Rail and bus travel in Sweden
Sweden has an extensive railway network. Most major lines are operated by the government-owned company SJ, with Veolia as a private option.
Regional and local public transport
Regional public transport, both rail and bus, is usually operated by companies contracted by the counties, under the brand name of the county owned traffic company.
Tickets are normally sold by the county owned traffic company. Ticket rules vary substantially. For regional trains it is normally possible to buy a ticket through SJ (see below) even if it is a county operated train.
There should be more information in the articles about the regions in Sweden.
Resrobot is a search engine for all public transport inside Sweden.
To buy a railway ticket from SJ, or to obtain information, phone +46 771 75 75 75 or check their website. As of summer 2009, the cheapest SJ tickets are released exactly 90 days before departure, so time your online ticket purchases carefully if your itinerary is set and don't buy tickets earlier than 90 days before your trip. SJ recently started auctioning last minute tickets on the Swedish eBay site Tradera (site only in Swedish), available from 48 until 6 hours before departure. Because point-to-point tickets are quite expensive, for more train journeys in Sweden InterRail (for European citizens) or Eurail (for non-European citizens) pass might be useful.
Unlike most European countries, however, bicycles are not allowed on any trains, except for foldable bicycles, which count as regular luggage.
MTR Express is a fast train between Stockholm and Göteborg. http://mtrexpress.se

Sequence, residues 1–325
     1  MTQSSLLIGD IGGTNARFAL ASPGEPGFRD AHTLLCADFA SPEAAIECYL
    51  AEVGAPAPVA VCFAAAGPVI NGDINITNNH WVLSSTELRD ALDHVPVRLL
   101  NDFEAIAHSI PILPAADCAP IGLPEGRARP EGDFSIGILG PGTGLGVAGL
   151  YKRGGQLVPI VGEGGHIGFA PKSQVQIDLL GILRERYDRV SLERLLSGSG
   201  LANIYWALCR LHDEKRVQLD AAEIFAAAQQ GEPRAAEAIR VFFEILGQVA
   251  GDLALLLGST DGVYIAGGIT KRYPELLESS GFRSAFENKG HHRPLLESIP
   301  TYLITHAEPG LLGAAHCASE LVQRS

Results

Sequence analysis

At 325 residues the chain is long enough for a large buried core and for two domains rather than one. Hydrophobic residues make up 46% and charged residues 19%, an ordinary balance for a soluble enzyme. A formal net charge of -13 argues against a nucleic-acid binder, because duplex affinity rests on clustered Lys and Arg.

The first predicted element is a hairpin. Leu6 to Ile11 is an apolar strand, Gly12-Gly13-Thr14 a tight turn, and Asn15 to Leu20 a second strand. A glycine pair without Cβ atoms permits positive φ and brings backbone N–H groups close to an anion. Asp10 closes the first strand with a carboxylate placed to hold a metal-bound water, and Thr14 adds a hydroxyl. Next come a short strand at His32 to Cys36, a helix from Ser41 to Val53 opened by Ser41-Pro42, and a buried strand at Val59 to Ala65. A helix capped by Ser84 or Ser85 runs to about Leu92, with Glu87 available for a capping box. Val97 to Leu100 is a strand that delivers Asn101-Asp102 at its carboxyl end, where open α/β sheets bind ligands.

The Blue train (Blå tåget) is a luxury train going Gothenburg-Skovde-Stockholm-Uppsala.
Swebus and gobybus runs a number of bus lines in the southern third of the country, Götaland and Svealand. They tend to cost less than going by train, if you can't take advantage of SJ's youth discounts. Y-buss and Härjedalingen operate between Stockholm and Norrland.
Swebus also operates from Stockholm and Gothenburg to Oslo. At the county level, buses are a good method for travelling short distances from town to town, as they are more frequent and cheaper than trains. It is best to check with the local transportation authority for routes and schedules.
Flygbussarna, Airport Coaches, are a private enterprise specializing in transfer between airports (or ferry terminals) and city centres.
If you plan to use city buses, check out the local arrangements for how to obtain tickets. In many Swedish cities it is not possible to buy tickets for the city buses at the bus. In this case neither cash nor bank or credit cards are accepted. Instead you need an electronic bus card, a special card for each region, that sometimes also has to be filled with a minimum amount of money, typically 100 SEK. This bus card can sometimes be obtained only at dedicated ticket offices, not at the bus, but can often be filled with money for travel at local shops or refill machines that are found at public places.
This observation does not apply to countryside and long distance buses, where you normally can buy tickets from the driver.
For trams, there are (Gothenburg/Norrköping) normally machines onboard or (Stockholm) salesperson onboard. For Stockholm metro and commuter trains, tickets are sold at the station entrances.
In general, tourists are advised to buy one-day or multi-day passes which give free access to local public traffic.